It may well be, the state of the Church/poor catechesis notwithstanding, that young people are not the ones who should be going out and evangelizing – at least, not formally. I’m not sure about this, but I propose that the whole concept of youth evangelizing is defective from the start, although it is a logical consequence, as I said above, of those fraudulent “Youth Synods.” Informal evangelizing, though, is inevitable, given how youth so easily network. But when it comes to the nitty-gritty (as Patrick H. would say), would you agree that priests and theologians should take over?

        In fact, I don’t know too many lay adults who could successfully evangelize either! I do, however, know quite a number of priests who are successful at it, through missions, retreats, articles and sermons. And certain apostolates as well.

        • RCA Victor,

          In these times, you are right to be cautious about young people “evangelizing”. We didn’t call it that when I was young but young people who joined the Legion of Mary, for example, were prepared to do apostolic work, which lay people are called to do as part of our Baptismal and Confirmation duty.

          I was a member of the Legion of Mary from around 11 or 12 years of age (Junior Legion, obviously) and it had a very important part to play in my own formation. You’ll find that many priestly and religious vocations grew out of Legion membership. Happily, I was one of the last groups through Catholic secondary school before the modernist stranglehold took root, so we were blessed to have solid teaching in lessons and from pulpits. Those were the days, as the song goes.

          I’d need to know what it is that causes you specific concern(s), because, properly understood, the lay apostolate is very beneficial, both for those engaged in the various works of groups such as the Legion of Mary, and those who are approached in the various lay enterprises.

          Of course, it’s different now, with Legionaries being part of the problem – acting as Extraordinary Ministers of Holy Communion and the rest, but prior to the deepening crisis in which we are now immersed, it was an excellent way of learning about the Faith and living it.

          I’m not sure of any other organizations – my experience is limited to the LOM, but whether or not a lay person is a member of an organization, we are obliged to be a leaven in the community, in our society, spreading the Faith as best we can.

          I’m interested to read your argument, though…In fact, allow me to help…

          • Editor,

            I didn’t have the blessing of growing up Catholic, so I’ve never been familiar with Legion of Mary-type apostolates. In fact, since my upbringing was Protestant, you might say I belonged to the Legion of Doom….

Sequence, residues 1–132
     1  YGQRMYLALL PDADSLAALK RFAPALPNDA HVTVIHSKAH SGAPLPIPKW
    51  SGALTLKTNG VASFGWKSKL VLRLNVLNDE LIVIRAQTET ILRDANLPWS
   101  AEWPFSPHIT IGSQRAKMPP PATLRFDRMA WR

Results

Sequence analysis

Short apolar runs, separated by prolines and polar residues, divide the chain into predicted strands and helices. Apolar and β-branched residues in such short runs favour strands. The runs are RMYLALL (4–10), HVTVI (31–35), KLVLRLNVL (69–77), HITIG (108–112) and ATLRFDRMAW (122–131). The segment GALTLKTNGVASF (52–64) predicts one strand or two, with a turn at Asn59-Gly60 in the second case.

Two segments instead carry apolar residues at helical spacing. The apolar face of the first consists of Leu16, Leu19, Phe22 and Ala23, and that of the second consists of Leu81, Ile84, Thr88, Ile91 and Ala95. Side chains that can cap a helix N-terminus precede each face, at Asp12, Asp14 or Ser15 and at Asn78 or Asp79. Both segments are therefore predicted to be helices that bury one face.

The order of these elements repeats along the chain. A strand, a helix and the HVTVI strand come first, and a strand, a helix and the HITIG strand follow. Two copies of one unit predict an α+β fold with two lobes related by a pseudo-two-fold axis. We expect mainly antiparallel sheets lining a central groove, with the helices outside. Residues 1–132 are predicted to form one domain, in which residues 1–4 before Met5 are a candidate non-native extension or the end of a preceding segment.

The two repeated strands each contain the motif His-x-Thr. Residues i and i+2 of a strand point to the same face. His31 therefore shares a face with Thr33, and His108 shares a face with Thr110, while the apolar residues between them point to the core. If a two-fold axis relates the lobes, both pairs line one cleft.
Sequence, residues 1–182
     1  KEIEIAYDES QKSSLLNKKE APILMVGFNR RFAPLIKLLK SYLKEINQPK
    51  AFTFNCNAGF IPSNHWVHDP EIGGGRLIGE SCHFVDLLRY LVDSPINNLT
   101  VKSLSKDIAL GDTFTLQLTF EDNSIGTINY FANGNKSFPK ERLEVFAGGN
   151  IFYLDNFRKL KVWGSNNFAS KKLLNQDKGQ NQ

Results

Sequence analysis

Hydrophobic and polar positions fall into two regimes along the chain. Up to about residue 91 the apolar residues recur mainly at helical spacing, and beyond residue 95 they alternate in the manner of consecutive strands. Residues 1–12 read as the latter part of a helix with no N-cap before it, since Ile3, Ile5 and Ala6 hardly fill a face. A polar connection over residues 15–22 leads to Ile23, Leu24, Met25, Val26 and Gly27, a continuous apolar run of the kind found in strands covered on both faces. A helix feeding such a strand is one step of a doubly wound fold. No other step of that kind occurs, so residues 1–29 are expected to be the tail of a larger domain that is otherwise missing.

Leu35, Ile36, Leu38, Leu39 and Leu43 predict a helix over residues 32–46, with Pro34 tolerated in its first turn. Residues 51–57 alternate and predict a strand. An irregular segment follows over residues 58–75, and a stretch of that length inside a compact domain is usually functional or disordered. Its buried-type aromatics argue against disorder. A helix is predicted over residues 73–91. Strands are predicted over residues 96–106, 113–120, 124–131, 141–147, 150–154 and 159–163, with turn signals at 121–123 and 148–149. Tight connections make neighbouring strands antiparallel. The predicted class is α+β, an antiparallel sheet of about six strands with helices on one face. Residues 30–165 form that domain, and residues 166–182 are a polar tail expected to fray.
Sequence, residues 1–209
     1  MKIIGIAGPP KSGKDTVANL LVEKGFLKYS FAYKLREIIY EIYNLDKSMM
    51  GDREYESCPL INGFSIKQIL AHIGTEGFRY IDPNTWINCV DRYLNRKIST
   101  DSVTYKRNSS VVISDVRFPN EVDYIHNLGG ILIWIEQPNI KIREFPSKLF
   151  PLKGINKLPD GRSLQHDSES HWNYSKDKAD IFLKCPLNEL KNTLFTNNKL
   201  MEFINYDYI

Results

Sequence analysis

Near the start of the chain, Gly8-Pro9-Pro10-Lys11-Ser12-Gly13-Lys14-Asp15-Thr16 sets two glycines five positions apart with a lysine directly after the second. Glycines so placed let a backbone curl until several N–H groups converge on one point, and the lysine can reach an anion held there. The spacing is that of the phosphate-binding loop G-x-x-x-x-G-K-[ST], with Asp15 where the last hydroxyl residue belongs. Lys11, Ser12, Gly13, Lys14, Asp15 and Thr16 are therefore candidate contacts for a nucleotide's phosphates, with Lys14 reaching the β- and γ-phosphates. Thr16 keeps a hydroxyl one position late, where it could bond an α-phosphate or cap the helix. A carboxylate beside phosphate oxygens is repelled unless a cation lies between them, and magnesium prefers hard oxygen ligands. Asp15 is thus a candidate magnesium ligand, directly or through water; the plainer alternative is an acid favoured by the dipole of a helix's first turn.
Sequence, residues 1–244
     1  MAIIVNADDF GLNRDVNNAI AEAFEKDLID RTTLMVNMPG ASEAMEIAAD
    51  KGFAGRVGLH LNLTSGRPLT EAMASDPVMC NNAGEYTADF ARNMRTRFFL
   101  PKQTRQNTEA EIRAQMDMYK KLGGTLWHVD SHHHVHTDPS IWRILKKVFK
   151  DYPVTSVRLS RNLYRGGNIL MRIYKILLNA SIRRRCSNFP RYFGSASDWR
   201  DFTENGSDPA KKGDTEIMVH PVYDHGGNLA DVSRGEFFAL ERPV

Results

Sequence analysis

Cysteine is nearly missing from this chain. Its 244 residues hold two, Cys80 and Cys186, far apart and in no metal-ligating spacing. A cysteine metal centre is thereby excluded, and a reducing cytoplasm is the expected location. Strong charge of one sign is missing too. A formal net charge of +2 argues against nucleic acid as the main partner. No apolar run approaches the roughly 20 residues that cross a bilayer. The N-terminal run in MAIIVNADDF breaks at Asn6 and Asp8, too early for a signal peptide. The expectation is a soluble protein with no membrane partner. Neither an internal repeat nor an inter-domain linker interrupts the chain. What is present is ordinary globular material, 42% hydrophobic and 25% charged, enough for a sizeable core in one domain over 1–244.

Since returning to the Church, I’ve only been aware of a tiny handful of lay apostolates doing purely traditional evangelical work, to wit, yourself and Catholic Family News . Actually, that doesn’t even qualify as a handful! I wouldn’t even classify Taylor Marshall as such, since he apparently has a Fatima problem. Even Rorate Caeli is occasionally tainted with Novus Ordo content. And as for Catholic Family News, I don’t sense any urgency from them, since the death of John Vennari, RIP. In fact, their energy level is downright moribund.

            It would help me to understand this if you could specify precisely what sort of evangelical work was done – in the good old days – by the Legion of Mary and similar apostolates. Maybe it would help to clarify my question by saying that my understanding of lay evangelical work is to teach non-Catholics (or lapsed Catholics) about the Faith and sow the seeds of conversion.

            Or do you have a better definition up your sleeve?

            • RCA Victor,

              I keep forgetting that you weren’t raised as a Catholic. You keep that well disguised 😀

              In the “good old days” of Legion of Mary membership, we would undertake the following: I’ll write in the present sense, since hope springs eternal!

              1) members are “juniors” until 18 years, when they will join the senior Legionaries.

              2) Legionaries attend a weekly meeting, called a praesidium meeting (the Legion is designed to mimic the Roman army, an army under Our Lady’s command.) The meeting is allowed to last no more then an hour and a half.

              3) meeting organised by 4 officers: a president, vice-president, treasurer and secretary. Meeting begins with the rosary, includes spiritual reading from the Legion handbook, a short homily from priest Spiritual Director (if no priest, no homily) and during the meeting “work tasks” are allocated – Legionaries work in pairs. At the following week’s meeting, each pair will report back on the task undertaken since the last meeting.